Outreach, training, and education for small-scale poultry producers using MPPUs in Massachusetts
Demand for local, sustainably produced poultry is increasing. Access to affordable, legally-sanctioned poultry processing will enable new and existing producers to profitably diversify their farm enterprises and provide healthful, safe products to consumers. Producers are poised to meet this demand but need training to navigate the regulatory and food safety requirements to use MPPUs for on-farm slaughter and processing.
MPPUs offer a cost-effective means to address this need and a MA pilot project involving 3
farms in 2008 generated over $51,500 in direct poultry sales in one year. Permitting requires
stringent producer training in safe food handling, sanitation operating procedures; wastewater and solid waste management processing; humane slaughter; flock health and disease management; equipment operations, maintenance, and repair; and marketing. Working with state regulators we will define content and develop five instructional guides and a self-certification DVD covering regulations, operations, and replication to be shared throughout the Northeast. We will convene four regional producer groups in Massachusetts and provide workshops emphasizing practical skills training to 75+ producers as part of the permitting eligibility process.
Producer information will be augmented by a regional Poultry Producers Listserv and an
informational website housing all training materials. Participants will develop plans to construct and/or share use of additional MPPUs. Business plans for small-scale poultry production and shared use of a MPPU will be developed to assess profitability at different levels of production, attracting new producers to strengthen, expand, or diversify their operations.
Of the 125 small-scale poultry producers who initially enroll in this project, 75 will complete regulatory and practical skills training and implement new production, processing, and food safety practices on their farms; at least 45 will increase market access, profits, and complete the legal requirements to process poultry using a licensed Mobile Poultry Processing Unit (MPPU) within two years.
At a May 29, 2009 workshop, 25 current and potential poultry producers completed the regulatory and practical skills training needed to operate an MPPU. This included detailed overviews of the relevant licensing and regulatory approval processes, proper food safety and waste disposal procedures, and hands-on processing skills training. One farmer who attended the training followed up and received local board of health and state Department of Public Health approval to participate in the 2009 pilot program. Additional farmers contacted organizers of the training about use of the unit during the 2009 season, and were instructed to pursue individual farm licensure and approval by following guidance of the online “Handbook for Small-Scale Poultry Producer Processors” available on the New Entry website. In July, the Department of Public Health determined that the 2009 pilot was “closed” and they would not be issuing additional licenses for the season, which limited additional producers from access to the MPPU.
Despite limitations in licensing new users in 2009, four farm businesses operated the MPPU a total of 16 times during the 2009 season, processing approximately 2,400 broiler chickens for sale at an estimated conservative value of at least $48,000 (based on an average dressed weight of 4lb/bird and a sales price of $5/lb; some producers sold birds for $5.75-$6.75/lb). Producers also used the unit to process turkeys and laying hens and many producers sold edible giblets (necks, livers, hearts, gizzards, feet, heads) to add value to the product.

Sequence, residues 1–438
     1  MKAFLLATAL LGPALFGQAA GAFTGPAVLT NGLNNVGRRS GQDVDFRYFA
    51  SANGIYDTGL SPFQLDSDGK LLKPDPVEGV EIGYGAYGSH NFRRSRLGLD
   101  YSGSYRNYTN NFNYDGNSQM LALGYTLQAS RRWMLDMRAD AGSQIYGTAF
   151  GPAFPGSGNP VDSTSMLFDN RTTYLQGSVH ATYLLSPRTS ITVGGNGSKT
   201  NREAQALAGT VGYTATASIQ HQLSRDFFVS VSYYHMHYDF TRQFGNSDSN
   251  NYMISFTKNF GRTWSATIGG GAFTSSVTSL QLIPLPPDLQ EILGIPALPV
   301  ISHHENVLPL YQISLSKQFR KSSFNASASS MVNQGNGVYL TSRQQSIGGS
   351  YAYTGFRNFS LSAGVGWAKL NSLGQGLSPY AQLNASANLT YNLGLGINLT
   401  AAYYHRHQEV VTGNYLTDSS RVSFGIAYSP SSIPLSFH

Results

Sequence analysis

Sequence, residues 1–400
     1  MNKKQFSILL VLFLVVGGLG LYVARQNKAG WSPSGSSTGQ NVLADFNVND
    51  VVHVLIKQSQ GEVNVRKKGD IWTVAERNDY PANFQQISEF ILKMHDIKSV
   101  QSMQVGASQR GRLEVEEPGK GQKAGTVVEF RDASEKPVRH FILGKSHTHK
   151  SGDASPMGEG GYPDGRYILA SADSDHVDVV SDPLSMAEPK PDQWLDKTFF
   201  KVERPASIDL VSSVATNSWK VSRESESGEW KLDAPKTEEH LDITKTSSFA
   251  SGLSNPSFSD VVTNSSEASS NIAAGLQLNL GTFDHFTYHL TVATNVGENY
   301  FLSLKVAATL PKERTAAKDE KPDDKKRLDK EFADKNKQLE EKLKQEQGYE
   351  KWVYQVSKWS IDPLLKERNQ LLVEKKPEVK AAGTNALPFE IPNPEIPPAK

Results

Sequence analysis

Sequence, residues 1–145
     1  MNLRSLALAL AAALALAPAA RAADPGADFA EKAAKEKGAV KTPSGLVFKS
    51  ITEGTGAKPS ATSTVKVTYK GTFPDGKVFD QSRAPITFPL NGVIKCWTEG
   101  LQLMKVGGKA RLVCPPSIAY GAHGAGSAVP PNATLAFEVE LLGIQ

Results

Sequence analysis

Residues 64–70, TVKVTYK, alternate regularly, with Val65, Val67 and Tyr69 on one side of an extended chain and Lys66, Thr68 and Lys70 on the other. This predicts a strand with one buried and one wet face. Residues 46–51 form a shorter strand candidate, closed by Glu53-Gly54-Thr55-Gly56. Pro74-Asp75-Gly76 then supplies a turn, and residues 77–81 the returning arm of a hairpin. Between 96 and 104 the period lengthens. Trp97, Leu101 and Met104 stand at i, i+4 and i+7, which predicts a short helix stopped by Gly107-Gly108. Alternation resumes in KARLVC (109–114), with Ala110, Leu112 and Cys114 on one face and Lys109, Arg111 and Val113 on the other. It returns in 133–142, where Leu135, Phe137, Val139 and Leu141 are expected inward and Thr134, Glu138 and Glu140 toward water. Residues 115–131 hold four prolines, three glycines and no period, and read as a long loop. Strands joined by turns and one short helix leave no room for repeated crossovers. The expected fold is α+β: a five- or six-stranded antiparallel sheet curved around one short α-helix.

The producers who operated the MPPU during this regulatory pilot year gained invaluable education beyond the mandatory training and over the course of the season adjusted their production and processing practices in response to the regulatory, financial, and practical challenges that they encountered. With continual inspection present by the Massachusetts Department of Public Health inspectors, additional training and feedback to users of the MPPU was provided during each use. Inspector reports and feedback to project organizers regarding field conditions and lessons learned during 2009 will be incorporated into future training modules.
All of these producers completed the state, local, and federal legal requirements needed to operate the MPPU and sell the processed birds. Having learned how to address the legal requirements, the producers will do so more easily in the upcoming season and can share their knowledge with other producers. Two of the returning producers from the 2008 pilot program offered mentoring and coaching to the other two users in 2009 and we expect that will continue into 2010.
Additional progress made in 2009 included development of a MPPU Business Plan and Management Model. The project team enlisted the assistance of the Brandeis University Heller School’s MBA program and worked with a MBA student to develop a MPPU business plan. This planning process involved 2 focus group meetings with current and potential MPPU users to discuss costs and rental agreements, membership fees, and other insurance and maintenance provisions. Feedback from the focus groups helped shape a MPPU user survey that was developed and administered electronically between October and December 2009. Over 100 farmers interested in participating in the MPPU project completed the survey and provided valuable feedback and demand analysis for MPPU pricing, rental agreements, and management structures. Next steps include development of MPPU rental information and outreach materials to continue to educate producers on the financial aspects of MPPU operations.
Another component of this project that evolved in 2009 was to develop the MPPU Economic Calculator, an online tool that will enable farmers to enter costs of production and processing into an online spreadsheet which will then allow producers to calculate their cost per bird to raise and process poultry on their farms. This tool will allow producers to better determine a price per lb, to fully analyze the regulatory and processing costs into their poultry enterprise plans, and to be aware of the cost-benefit of various processing alternatives. A prototype of the online tool has been created and is in draft form as of mid-December 2009. The tool will be used in consultation with existing MPPU users to provide feedback and refinement of the tool before full-scale rollout to additional producers. It is anticipated the tool will be widely available by February 2010.